President Luiz Inacio Lula da Silva's campaign manager stepped down Wednesday night over his alleged involvement in a plot to incriminate a leading opposition politician ahead of Brazil's Oct. 1 presidential elections.
Lula's campaign said in a statement that the president of the ruling Workers' Party, Ricardo Berzoini, had resigned as Lula's campaign manager to be replaced by Marco Aurelio Garcia.
Berzoini's resignation came shortly after the Supreme Electoral Tribunal opened an investigation to determine if Lula was involved in a reported plot by his party to purchase documents incriminating Jose Serra of the opposition Social Democratic Party.
The scandal surfaced over the weekend, after federal police arrested an attorney who allegedly was hired by Workers' Party leaders to purchase the documents. Serra, who lost to Lula in 2002 presidential elections, is running for the governor's seat in the leading industrial state of Sao Paulo against Workers' Party candidate Aloizio Mercadante.
According to a federal police investigation made public last week, Workers' Party campaign aide Oswaldo Bargas said he met with reporters of local news magazines to sell a dossier containing damaging information for the campaign of Workers' Party adversary Jose Serra for 1.7 million reals (US$781,000; euro616,000).
Bargas said Berzoini knew of the meeting with the reporters but not of the contents of the dossier, which suggested that Serra participated in a public procurement fraud ring during his prior tenure as Brazil's health minister.
Denies role in scandal
Shortly before meeting with Lula on Wednesday evening, Berzoini repeated denials that he had a role in the scandal, but said he would resign if necessary.
"If there is need for a change in the campaign there is no problem, he said. "This is a position of confidence and I am at the president's full disposal."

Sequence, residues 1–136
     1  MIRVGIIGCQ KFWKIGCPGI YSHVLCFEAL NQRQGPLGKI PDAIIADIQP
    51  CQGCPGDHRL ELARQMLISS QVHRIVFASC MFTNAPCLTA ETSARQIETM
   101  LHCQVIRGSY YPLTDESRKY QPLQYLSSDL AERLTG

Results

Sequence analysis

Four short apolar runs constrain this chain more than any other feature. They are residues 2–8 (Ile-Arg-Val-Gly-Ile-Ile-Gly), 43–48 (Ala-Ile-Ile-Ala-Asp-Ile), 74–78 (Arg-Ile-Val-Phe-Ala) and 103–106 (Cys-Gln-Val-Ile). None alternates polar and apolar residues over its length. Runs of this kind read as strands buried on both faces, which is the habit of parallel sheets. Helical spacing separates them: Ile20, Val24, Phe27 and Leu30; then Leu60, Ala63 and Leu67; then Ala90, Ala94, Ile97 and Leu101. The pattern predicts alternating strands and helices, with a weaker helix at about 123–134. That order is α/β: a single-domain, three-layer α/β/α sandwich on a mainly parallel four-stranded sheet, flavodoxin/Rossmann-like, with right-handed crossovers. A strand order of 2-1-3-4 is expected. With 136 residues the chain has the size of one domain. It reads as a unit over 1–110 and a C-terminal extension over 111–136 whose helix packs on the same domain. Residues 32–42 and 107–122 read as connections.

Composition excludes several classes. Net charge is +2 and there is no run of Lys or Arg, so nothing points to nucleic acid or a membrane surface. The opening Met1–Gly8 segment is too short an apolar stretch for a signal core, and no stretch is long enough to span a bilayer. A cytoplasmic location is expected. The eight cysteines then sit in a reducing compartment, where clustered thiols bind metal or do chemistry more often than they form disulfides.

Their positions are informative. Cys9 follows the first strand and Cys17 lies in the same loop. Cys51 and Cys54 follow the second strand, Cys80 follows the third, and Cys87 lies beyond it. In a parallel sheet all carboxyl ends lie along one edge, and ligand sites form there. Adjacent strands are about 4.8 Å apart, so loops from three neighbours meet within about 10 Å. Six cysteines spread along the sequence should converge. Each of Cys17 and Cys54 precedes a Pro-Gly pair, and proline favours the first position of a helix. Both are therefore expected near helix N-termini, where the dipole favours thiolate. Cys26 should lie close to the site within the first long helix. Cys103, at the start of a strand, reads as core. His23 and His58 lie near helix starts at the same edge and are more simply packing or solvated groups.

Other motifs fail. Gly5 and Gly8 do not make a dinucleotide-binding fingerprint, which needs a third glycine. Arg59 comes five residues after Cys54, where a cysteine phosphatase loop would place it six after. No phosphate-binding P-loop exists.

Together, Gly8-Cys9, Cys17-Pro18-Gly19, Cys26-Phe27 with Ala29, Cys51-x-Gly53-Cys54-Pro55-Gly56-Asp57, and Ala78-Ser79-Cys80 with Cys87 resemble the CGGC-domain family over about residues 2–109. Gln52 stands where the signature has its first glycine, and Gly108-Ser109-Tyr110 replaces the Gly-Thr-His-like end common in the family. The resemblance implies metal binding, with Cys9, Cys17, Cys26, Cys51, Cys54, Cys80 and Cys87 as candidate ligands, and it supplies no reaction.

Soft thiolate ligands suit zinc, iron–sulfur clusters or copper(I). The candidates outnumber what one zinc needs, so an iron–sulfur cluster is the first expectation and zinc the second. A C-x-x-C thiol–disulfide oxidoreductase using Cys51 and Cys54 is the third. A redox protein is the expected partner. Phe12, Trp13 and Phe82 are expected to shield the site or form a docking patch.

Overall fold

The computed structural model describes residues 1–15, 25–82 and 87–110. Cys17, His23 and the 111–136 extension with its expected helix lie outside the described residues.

Police allege that the attorney in their custody, identified as Gedimar Pereira Passos, was given US$770,000 (euro608,000) by Workers' Party officials to buy documents, photos and DVDs supposedly linking Serra to graft when he was health minister between 1998 and 2002.
On Tuesday, Brazil's top electoral court opened an investigation into Lula's rile in the alleged plot. The tribunal, which oversees Brazilian elections, said that if Lula is found guilty of abuse of authority, he and his running mate, Vice President Jose Alencar, would be barred from the race.
The tribunal's press office said the investigation will not be finished before the Oct. 1 election day, however, so it was unlikely Lula would be kicked out of the race.
However, if the president wins re-election and the tribunal rules against him, federal prosecutors could launch legal proceedings that could result in Lula losing his mandate. The runner-up would then become Brazil's next president, the tribunal's press office said.
Police said Passos named Lula security aide Freud Godoy as an intermediary. Godoy, who resigned on Monday, has denied any wrongdoing.
The electoral tribunal's investigation stems from a formal request filed earlier this week by the Social Democratic Party and the right-of-center Liberal Front Party that accused Lula of undue interference in the campaign.
Lula has a commanding lead in election polls dispite earlier corruption scandals tied to the Workers' Party, including allegations of influence-peddling, bribery and campaign finance violations.
In a poll released Wednesday by Datafolha, 50 percent of those surveyed favored Lula. His nearest contender, former Sao Paulo State Gov. Geraldo Alckmin of the Social Democratic Party, was favored by 29 percent.
The poll surveyed 7,735 people nationwide Sept. 18-19 and had a margin of error of 2 percentage points.